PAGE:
# Gregor Mendel - Laws Of Inheritance

### offspring factors dominant factor

To explain the numerical relationships he obtained, Mendel developed the Law of Segregation. He proposed that during the process of egg and sperm formation, the two factors separate, or segregate, so that each egg or sperm contain only one factor. For a parent containing one of each type of factor, this means that half the sperm (or eggs) will contain the dominant factor, and half the recessive factor. During fertilization, these randomly pair up, so that some offspring will have two dominants, some two recessives, and some one of each. Simple algebra shows that the ratio of offspring in such a cross will be 3:1, just as Mendel found.

To show how this works, let 0.5D be the proportion of dominant factors and 0.5r be the proportion of recessive factors. Multiplying (0.5D + 0.5r) times itself gives the offspring ratios, 0.25D^{2} + 0.5Dr + 0.25r^{2}. In this expression, 0.25D^{2} indicates that one-quarter of the offspring will have both dominant factors, 0.5Dr means half will have one of each type, and 0.25r^{2}means one-quarter will have both recessive factors. Since both the D^{2} and Dr organisms will show the dominant trait, the ratio of dominant to recessive traits in the offspring will be 0.75:0.25, or 3:1.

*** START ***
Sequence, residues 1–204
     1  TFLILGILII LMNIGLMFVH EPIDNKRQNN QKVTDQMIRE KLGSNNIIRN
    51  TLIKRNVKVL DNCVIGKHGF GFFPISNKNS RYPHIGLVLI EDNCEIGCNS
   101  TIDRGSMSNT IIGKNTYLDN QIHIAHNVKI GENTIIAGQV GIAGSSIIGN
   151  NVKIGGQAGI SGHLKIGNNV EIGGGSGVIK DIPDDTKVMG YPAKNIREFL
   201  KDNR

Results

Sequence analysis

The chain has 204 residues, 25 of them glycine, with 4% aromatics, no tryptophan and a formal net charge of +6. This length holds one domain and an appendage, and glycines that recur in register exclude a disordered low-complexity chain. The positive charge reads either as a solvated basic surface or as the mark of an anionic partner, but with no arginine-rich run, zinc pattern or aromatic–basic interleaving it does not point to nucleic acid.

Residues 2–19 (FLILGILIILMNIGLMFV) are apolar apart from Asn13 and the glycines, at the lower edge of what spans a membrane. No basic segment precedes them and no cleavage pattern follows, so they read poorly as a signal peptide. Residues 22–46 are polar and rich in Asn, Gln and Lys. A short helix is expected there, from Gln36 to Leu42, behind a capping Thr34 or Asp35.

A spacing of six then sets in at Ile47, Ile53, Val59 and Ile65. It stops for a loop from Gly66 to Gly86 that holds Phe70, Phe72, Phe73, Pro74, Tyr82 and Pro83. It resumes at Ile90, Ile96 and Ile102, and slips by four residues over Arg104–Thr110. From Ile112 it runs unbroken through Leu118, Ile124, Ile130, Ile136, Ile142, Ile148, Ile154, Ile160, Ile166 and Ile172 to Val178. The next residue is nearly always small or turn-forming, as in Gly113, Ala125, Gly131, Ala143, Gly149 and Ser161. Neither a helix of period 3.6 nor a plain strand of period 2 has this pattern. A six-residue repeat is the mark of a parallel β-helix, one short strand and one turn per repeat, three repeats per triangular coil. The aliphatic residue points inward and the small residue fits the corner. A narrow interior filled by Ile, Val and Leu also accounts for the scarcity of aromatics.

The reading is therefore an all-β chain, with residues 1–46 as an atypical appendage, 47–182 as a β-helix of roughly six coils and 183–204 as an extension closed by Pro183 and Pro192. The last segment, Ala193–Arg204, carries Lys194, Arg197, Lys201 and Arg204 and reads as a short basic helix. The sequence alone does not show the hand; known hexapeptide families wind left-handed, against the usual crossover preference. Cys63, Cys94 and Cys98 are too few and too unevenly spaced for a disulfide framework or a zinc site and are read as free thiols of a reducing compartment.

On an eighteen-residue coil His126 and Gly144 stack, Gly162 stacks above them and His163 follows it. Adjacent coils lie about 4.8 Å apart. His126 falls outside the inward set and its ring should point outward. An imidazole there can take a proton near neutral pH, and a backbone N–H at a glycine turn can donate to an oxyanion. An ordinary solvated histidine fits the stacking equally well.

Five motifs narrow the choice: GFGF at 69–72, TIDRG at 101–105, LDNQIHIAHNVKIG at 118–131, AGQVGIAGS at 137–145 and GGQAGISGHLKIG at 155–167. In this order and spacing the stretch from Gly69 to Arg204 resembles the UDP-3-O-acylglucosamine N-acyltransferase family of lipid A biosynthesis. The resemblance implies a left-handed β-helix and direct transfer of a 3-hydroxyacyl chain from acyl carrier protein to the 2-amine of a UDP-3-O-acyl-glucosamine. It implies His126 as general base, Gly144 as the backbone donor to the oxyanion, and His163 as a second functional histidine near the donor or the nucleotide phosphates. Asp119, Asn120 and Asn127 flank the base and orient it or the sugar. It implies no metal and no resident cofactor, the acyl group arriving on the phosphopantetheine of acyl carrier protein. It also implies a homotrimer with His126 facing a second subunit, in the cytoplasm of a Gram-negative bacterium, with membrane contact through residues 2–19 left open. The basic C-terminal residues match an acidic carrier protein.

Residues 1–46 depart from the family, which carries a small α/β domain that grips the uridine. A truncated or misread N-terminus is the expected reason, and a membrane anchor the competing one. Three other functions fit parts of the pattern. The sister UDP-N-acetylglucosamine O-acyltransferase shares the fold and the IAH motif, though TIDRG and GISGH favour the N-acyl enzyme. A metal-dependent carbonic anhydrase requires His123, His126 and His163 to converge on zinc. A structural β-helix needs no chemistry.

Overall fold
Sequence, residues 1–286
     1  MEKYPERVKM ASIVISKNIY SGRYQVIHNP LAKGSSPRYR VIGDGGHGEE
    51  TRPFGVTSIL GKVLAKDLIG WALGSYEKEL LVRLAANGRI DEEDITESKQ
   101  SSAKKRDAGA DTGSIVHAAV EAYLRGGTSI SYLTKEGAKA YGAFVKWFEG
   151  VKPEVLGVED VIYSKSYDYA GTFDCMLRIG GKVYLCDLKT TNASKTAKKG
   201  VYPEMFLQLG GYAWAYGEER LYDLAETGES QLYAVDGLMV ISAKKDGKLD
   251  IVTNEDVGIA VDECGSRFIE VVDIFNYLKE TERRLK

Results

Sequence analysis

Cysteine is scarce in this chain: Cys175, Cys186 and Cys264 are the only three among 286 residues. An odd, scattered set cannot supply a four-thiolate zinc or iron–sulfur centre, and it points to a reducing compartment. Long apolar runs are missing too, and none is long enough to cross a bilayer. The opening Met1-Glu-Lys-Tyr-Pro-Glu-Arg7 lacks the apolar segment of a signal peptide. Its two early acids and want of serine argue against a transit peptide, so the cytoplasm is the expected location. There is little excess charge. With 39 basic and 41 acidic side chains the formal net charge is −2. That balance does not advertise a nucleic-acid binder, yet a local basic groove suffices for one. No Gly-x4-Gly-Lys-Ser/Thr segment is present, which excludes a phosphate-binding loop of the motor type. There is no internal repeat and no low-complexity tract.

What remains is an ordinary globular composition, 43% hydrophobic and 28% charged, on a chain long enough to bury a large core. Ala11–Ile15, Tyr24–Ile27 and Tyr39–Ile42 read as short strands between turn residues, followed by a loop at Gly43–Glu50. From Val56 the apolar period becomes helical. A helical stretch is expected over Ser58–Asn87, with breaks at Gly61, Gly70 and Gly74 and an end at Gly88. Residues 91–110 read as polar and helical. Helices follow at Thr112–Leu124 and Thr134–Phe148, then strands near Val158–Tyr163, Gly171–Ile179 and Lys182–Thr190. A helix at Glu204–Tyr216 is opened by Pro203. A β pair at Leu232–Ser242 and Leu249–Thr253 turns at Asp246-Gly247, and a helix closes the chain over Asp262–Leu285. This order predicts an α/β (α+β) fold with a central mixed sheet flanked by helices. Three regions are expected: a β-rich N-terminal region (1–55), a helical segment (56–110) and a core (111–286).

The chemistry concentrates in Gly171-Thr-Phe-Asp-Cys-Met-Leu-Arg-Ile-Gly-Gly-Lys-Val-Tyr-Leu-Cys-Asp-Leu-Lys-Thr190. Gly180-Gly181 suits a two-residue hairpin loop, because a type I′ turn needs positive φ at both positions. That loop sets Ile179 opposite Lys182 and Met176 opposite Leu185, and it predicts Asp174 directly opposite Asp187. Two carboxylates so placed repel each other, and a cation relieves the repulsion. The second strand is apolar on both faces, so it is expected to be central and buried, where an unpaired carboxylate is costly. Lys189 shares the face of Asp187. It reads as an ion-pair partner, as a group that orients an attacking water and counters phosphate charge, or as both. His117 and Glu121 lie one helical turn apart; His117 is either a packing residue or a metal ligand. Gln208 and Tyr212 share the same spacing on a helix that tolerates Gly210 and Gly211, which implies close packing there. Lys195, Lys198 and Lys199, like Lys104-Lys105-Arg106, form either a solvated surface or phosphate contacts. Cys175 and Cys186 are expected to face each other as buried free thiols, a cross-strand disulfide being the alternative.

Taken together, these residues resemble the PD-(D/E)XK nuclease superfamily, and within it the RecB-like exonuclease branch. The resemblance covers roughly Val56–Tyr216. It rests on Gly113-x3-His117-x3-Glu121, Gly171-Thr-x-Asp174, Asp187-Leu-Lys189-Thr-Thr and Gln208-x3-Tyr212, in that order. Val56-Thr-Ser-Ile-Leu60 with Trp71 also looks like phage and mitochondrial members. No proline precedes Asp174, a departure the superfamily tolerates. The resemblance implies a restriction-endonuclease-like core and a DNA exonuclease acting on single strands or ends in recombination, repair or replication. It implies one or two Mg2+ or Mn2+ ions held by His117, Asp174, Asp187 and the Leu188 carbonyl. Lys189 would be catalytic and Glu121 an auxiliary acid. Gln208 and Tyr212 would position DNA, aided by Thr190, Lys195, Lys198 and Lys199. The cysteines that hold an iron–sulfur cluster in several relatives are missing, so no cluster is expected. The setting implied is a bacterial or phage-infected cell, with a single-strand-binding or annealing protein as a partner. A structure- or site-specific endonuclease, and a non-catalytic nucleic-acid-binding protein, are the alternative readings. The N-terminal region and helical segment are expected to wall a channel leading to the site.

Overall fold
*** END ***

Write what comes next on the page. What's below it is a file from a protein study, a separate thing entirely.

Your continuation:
Mendel went on to study crosses between peas with multiple sets of traits, such as round seeds plus tall plants crossed with wrinkled seeds plus short plants. He found that the factors for each trait acted independently, so that the offspring of these crosses showed all possible combinations of traits. From the results of these experiments, he formulated his second principle, known as the Law of Independent Assortment, which states that the members of factor pairs assort (segregate) independently of each other during sperm and egg formation, and combine again randomly.

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